Parenteral influenza vaccination induces a rapid systemic and local immune response

J Infect Dis. 1995 Jan;171(1):198-203. doi: 10.1093/infdis/171.1.198.


The kinetics of the local immune response in the upper respiratory tract to parenterally administered inactivated split trivalent influenza vaccine were examined in 19 healthy subjects. Influenza virus-specific antibody-secreting cells (ASC) could be detected as early as 2 days after vaccination in peripheral blood and tonsils, with a peak at approximately 1 week after vaccination and a decline to insignificant levels after 6 weeks. Circulating ASC produced IgG, IgA, and IgM, whereas ASC in tonsils produced mainly IgA and IgM. Influenza virus-specific antibodies were predominantly IgG and IgM in serum and IgA in oral fluid; they rose after 1 week and were elevated at 6 weeks. This may indicate a secretory involvement of the anti-influenza virus response in the upper respiratory tract. Parenteral influenza vaccination induced an immediate and significant immune response in both the upper respiratory tract and peripheral blood.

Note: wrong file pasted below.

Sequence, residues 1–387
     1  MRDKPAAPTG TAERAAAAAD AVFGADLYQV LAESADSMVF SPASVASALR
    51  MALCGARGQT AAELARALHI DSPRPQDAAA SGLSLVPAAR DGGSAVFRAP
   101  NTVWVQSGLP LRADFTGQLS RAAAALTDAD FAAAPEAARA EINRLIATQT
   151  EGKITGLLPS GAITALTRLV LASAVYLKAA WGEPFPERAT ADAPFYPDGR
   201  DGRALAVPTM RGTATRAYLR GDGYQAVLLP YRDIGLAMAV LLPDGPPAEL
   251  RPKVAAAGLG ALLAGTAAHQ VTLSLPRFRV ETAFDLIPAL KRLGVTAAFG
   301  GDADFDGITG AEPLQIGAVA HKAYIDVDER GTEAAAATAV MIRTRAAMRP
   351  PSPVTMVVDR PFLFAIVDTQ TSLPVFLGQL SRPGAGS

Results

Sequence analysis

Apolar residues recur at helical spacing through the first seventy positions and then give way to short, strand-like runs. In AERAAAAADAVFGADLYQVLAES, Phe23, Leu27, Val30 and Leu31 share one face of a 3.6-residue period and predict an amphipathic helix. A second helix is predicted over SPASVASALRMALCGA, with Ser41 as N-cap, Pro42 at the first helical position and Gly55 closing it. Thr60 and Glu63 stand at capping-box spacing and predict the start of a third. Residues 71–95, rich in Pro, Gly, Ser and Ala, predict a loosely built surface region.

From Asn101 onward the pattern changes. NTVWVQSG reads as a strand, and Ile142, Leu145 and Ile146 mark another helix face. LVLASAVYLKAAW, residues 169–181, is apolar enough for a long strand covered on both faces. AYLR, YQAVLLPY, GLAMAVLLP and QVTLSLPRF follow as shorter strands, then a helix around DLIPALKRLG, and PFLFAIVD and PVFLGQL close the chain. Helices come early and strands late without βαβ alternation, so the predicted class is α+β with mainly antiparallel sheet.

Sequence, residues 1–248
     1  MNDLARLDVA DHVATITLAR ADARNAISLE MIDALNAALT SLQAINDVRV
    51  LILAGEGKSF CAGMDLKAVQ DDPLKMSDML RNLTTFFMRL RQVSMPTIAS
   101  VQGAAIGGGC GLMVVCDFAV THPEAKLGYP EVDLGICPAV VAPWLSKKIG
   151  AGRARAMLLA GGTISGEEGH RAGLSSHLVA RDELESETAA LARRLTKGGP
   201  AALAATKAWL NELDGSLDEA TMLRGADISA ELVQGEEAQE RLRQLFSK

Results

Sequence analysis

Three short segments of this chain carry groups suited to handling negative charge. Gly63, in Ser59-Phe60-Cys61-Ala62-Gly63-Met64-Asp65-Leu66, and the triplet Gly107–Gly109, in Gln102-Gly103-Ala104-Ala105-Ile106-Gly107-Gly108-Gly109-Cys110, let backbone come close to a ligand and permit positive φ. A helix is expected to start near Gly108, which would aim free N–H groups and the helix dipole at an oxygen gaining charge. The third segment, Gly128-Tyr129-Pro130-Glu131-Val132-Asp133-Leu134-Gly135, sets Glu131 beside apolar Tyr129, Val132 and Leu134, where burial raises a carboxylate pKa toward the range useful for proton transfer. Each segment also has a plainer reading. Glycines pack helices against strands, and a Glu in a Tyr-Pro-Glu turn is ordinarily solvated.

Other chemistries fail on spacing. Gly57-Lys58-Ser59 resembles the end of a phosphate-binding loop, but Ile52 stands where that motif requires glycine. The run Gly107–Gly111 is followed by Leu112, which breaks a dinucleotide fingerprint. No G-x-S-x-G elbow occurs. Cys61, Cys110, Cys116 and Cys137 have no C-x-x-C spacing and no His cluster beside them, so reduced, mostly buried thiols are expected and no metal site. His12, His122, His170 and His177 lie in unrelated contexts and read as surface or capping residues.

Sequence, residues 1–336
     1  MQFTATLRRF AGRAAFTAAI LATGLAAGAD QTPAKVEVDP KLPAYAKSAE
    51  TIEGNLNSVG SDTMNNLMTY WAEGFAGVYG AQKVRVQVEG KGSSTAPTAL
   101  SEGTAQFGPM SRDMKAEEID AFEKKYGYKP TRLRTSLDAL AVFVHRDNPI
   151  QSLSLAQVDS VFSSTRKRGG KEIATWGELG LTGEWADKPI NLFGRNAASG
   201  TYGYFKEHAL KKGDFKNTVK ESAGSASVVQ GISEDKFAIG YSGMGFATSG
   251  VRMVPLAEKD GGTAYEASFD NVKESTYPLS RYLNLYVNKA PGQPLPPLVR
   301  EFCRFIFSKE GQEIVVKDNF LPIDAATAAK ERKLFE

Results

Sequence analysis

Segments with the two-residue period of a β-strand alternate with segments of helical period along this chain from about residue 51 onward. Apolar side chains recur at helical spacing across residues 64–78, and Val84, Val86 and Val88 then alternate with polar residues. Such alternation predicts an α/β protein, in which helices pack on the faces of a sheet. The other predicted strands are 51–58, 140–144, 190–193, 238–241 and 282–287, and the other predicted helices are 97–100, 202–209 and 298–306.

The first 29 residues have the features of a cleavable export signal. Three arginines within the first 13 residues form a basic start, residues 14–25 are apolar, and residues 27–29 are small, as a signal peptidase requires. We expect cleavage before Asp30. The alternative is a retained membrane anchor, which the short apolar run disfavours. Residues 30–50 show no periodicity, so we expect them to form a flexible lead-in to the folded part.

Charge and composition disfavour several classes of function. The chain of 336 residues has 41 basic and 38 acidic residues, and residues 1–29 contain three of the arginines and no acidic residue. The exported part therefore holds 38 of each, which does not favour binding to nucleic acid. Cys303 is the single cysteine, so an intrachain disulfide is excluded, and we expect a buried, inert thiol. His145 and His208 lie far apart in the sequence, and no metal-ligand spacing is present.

Publication types

  • Research Support, Non-U.S. Gov't

MeSH terms

  • Adolescent
  • Adult
  • Antibodies, Viral / biosynthesis*
  • Antibodies, Viral / blood
  • Antibody-Producing Cells / immunology*
  • Female
  • Humans
  • Immunoglobulin A / biosynthesis
  • Immunoglobulin A / blood
  • Immunoglobulin G / biosynthesis
  • Immunoglobulin G / blood
  • Immunoglobulin M / biosynthesis
  • Immunoglobulin M / blood
  • Influenza A virus / immunology*
  • Influenza B virus / immunology*
  • Influenza Vaccines / administration & dosage
  • Influenza Vaccines / immunology*
  • Injections, Subcutaneous
  • Kinetics
  • Male
  • Palatine Tonsil / immunology
  • Saliva / immunology
  • Vaccination


  • Antibodies, Viral
  • Immunoglobulin A
  • Immunoglobulin G
  • Immunoglobulin M
  • Influenza Vaccines